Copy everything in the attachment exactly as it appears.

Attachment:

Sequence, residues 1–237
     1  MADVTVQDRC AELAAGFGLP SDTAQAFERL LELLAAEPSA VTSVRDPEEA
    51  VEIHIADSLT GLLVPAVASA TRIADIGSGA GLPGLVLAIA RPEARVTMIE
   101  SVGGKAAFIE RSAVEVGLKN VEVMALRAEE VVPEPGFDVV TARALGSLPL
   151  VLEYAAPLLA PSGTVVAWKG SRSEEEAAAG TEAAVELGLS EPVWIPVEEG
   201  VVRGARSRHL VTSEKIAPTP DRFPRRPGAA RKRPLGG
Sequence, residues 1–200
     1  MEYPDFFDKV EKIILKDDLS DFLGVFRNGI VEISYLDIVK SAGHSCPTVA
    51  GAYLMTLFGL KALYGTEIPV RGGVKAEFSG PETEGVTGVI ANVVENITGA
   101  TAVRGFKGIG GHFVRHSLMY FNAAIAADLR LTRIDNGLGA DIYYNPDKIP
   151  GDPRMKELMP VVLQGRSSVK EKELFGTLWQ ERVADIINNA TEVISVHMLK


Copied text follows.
Sequence, residues 1–237
     1  MADVTVQDRC AELAAGFGLP SDTAQAFERL LELLAAEPSA VTSVRDPEEA
    51  VEIHIADSLT GLLVPAVASA TRIADIGSGA GLPGLVLAIA RPEARVTMIE
   101  SVGGKAAFIE RSAVEVGLKN VEVMALRAEE VVPEPGFDVV TARALGSLPL
   151  VLEYAAPLLA PSGTVVAWKG SRSEEEAAAG TEAAVELGLS EPVWIPVEEG
   201  VVRGARSRHL VTSEKIAPTP DRFPRRPGAA RKRPLGG
Sequence, residues 1–200
     1  MEYPDFFDKV EKIILKDDLS DFLGVFRNGI VEISYLDIVK SAGHSCPTVA
    51  GAYLMTLFGL KALYGTEIPV RGGVKAEFSG PETEGVTGVI ANVVENITGA
   101  TAVRGFKGIG GHFVRHSLMY FNAAIAADLR LTRIDNGLGA DIYYNPDKIP
   151  GDPRMKELMP VVLQGRSSVK EKELFGTLWQ ERVADIINNA TEVISVHMLK